The Bookshelf: The Walking Dead: Rise of the Governor by Robert Kirkman and Jay Bonansinga


If you are a fan of the television series The Walking Dead, you have no idea who the Governor is… if you are a fan of the comic, this is the back story to how Philip Blake became the monster we all love to hate.  Written by Robert Kirkman and Jay Bonansinga, this is the first of a planned series of back and side stories that Kirkman has planned in an effort to both expand the universe of The Walking Dead and to fill in a number of gaps in our understanding of certain characters who have come and/or gone throughout the seven and a half year run of the book… and the Governor was the perfect place to start.

Television viewers may wish to stop reading now… how the Gov. fits into the entire story arc is extremely spoilery for events that may, or may not, occur in either the coming second half of the second season, or in the third season.  And frankly, I can’t avoid talking about certain plot points.  OK… you have been adequately warned.

The novel opens a week or so after the zombie apocalypse has begun… keeping with the mystery of how and why is all started, this is never explained.  Philip Blake, his older brother Brian, his daughter Penny and his two friends Bobby and Nick are doing their best to find shelter and a safe place to live, as are our intrepid heroes in the main story.  Immediately, we see the roles each character plays… Philip is clearly the cool under fire type leader, Brian is, and always has been weaker and less charismatic than his older brother and their two buddies are Philip’s fairly well fleshed out entourage of ne’er-do-wells.  Although Philip has a rough back story, he is still a caring brother and father… as the story progresses, he takes more and more actions that cause his small group and others they come into contact with to question his methods and ultimately, his sanity (how generalized was that description??).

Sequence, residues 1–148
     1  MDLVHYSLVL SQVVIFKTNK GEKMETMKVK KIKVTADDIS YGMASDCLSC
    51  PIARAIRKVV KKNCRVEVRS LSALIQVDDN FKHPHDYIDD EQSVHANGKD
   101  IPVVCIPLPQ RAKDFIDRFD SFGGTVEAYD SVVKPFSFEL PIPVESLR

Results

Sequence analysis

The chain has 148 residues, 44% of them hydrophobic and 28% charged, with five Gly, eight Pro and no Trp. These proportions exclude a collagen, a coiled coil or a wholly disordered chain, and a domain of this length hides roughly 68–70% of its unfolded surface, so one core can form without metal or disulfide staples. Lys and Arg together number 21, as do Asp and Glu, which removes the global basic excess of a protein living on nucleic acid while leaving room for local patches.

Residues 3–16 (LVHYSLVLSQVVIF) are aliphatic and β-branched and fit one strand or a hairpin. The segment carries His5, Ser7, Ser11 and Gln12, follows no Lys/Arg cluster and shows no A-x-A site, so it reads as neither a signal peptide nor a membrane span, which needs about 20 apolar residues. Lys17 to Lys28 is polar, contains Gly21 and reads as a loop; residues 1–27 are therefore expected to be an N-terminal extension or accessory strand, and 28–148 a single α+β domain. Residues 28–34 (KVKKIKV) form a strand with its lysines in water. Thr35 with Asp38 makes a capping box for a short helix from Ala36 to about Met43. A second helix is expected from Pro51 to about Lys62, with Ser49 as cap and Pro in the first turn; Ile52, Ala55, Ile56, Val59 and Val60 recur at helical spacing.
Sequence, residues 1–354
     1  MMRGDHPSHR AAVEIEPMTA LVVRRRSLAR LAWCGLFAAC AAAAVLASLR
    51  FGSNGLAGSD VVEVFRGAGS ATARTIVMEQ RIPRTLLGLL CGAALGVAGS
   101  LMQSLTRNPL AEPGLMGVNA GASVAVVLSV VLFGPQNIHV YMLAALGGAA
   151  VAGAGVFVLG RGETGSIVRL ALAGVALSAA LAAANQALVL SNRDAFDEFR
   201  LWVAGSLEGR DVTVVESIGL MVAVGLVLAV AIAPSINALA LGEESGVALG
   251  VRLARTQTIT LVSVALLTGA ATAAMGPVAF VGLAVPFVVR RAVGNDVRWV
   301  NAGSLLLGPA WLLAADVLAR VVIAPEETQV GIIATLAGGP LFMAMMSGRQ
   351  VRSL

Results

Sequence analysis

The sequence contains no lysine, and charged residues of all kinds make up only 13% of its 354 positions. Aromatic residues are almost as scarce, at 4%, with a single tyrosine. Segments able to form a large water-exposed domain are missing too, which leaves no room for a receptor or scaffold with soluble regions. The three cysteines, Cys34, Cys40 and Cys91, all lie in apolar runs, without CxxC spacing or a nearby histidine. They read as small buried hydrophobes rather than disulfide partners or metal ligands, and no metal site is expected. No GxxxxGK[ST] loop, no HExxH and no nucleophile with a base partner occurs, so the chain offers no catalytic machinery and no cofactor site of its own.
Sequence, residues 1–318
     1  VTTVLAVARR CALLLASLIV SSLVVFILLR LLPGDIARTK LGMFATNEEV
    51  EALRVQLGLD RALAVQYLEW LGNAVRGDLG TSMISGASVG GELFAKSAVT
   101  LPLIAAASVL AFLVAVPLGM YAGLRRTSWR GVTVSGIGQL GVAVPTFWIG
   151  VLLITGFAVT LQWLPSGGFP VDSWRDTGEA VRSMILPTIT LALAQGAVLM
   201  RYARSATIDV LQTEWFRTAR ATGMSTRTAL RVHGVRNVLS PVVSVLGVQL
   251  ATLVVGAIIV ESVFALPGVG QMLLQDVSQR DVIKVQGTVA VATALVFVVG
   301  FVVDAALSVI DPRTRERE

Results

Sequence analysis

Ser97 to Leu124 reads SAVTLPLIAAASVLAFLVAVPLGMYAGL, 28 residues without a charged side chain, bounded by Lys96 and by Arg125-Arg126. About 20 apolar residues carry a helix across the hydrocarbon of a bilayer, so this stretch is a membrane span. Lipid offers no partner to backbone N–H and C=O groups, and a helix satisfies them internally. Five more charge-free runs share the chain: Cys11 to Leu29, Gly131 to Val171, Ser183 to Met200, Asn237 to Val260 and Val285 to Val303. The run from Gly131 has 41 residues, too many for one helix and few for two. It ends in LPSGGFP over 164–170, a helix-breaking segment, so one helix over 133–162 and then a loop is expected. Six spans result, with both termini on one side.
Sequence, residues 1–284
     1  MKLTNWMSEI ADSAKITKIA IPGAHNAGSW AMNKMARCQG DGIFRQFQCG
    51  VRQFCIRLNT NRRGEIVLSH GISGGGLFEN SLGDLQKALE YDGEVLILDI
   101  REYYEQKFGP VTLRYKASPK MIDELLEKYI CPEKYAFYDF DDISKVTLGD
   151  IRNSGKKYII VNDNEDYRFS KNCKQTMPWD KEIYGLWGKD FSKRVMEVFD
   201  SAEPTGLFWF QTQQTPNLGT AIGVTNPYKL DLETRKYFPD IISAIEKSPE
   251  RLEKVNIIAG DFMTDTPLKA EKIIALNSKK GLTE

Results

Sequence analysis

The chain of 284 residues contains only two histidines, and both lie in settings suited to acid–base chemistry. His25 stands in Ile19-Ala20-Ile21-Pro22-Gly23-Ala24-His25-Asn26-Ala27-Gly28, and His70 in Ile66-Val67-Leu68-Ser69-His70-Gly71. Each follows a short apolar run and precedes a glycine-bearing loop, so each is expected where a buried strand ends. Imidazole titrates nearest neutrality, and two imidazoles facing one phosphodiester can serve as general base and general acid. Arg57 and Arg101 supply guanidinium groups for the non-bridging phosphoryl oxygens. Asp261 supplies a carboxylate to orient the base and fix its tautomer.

That is the basic story in a nutshell.  Much of the action that happens in this novel is fairly standard genre fare.  What sets this novel apart is that foreknowledge of what he will become and trying to pick apart the psychology of someone as sadistic as his character becomes.  This, unfortunately is where the book falls a wee bit short.  It’s great fun to read, quick and enjoyable throughout… but certain events occur that push the limits of believability a bit too far… and that is not easy to do in a zombie apocalypse story.  I shan’t spoil too much here… but something happens towards the end that will leave you gape mouthed and calling bullshit.  Don’t get me wrong though, exciting read with a number of truly creepy and frightening moments.

“I always kind of looked at it like Rick and the Governor were two sides of the same coin, and if Rick had gone down a certain path he could have ended up exactly like that guy.  And so I had a story in mind of how he became that guy and what caused him to be that bad of a person.”  This is a Kirkman quote from the Wikipedia entry on the novel, which nicely sums up not only the reason for the novel, but also the reason for the character himself.  Not only is he a fantastic foil for Rick, he is also that dark mirror that, if you have read the comic, you realize Rick has dipped his toe into more than a few times.